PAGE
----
Link Roundup: Seed Vaults, Marriage, Reproduction, Updates
March 05, 2008
"Near Arctic, Seed Vault Is a Fort Knox of Food", in the New York Times last week, discussed the efforts to create a seed repository as a backup of our seed supply. Claire Hope Cummings, in her new book, Uncertain Peril: Genetic Engineering and the Future of Seeds, discusses the "Doomsday Vault" in more depth, and ties its mission to the struggles to maintain genetic diversity in agriculture despite the increasing privatization of seeds by agribusiness. You can hear Cummings on NPR's OnPoint tomorrow. [UPDATE: Here's the link to the segment.]
Check out Nancy Polikoff, author of Beyond (Straight and Gay) Marriage, at the Washington Post, the Washington Blade, the Los Angeles Times, and on her new blog, where Polikoff, an expert on gay and lesbian family law, highlights issues in the news that affect the legal rights of all families.
Mark Winne, author of Closing the Food Gap, appeared on WUWM's Lake Effect radio show. Listen here.
Kathryn Joyce, whose book Quiverfull: Inside the Christian Patriarchy Movement, is forthcoming from Beacon Press in 2009, wrote in the Nation about the real motives behind worries that there's a looming European "demographic disaster." The piece was cross-posted at RHRealityCheck, where Kathryn has previously posted about Quiverfull, an anti-birth control movement that urges Christian families to "leave the number of children they have entirely in the hands of God."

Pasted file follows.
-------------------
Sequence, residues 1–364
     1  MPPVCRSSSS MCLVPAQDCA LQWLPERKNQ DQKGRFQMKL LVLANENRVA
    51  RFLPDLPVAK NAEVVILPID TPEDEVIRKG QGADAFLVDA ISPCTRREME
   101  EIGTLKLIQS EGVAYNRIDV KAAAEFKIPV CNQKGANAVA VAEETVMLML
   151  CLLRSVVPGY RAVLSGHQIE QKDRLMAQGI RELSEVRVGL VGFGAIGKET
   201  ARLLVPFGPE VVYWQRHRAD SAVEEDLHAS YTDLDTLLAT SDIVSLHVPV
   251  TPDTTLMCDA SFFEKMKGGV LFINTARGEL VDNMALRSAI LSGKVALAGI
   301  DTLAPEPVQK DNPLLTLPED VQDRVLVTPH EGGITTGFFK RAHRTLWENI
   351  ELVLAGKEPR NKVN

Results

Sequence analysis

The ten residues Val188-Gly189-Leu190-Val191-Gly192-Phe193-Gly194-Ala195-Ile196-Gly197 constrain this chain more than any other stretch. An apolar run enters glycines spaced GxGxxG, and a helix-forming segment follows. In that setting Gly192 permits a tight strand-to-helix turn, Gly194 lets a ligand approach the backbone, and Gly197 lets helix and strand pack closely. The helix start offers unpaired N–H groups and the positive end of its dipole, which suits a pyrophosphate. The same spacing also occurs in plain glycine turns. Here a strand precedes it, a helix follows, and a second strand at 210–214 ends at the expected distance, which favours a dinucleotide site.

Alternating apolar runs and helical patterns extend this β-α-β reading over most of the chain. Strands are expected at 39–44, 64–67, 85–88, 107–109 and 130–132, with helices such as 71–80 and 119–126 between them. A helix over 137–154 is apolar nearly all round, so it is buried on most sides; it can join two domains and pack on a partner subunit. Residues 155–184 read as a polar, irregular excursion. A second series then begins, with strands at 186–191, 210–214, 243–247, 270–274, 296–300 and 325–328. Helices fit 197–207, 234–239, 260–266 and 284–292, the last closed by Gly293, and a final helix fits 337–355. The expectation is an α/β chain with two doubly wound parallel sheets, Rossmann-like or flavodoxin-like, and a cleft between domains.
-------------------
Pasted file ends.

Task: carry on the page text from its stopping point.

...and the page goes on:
Glenn Branch sent us an update to his post on the evolution debate in Florida (also added as an update to the post):
It happened. On February 29, state senator Ronda Storms (R–Valrico) introduced a bill, SB 2692 [pdf], styled “The Academic Freedom Act.” Purporting to protect the right of teachers to “objectively present scientific information relevant to the full range of scientific views regarding biological and chemical evolution in connection with teaching any prescribed curriculum regarding chemical or biological origins” and the right of students not to be “penalized in any way because he or she subscribes to a particular position or view regarding biological or chemical evolution,” the bill would not affect the content of the standards, although it is clear that it was introduced at the behest at those who opposed their excellent treatment of evolution. A string of similar bills in Alabama—HB 391 and SB 336 in 2004; HB 352, SB 240, and HB 716 in 2005; HB 106 and SB 45 in 2006—failed. With only sixty days in the regular legislative session, perhaps the Florida legislature will be able to find something useful to do, instead of wasting its time mollifying creationists.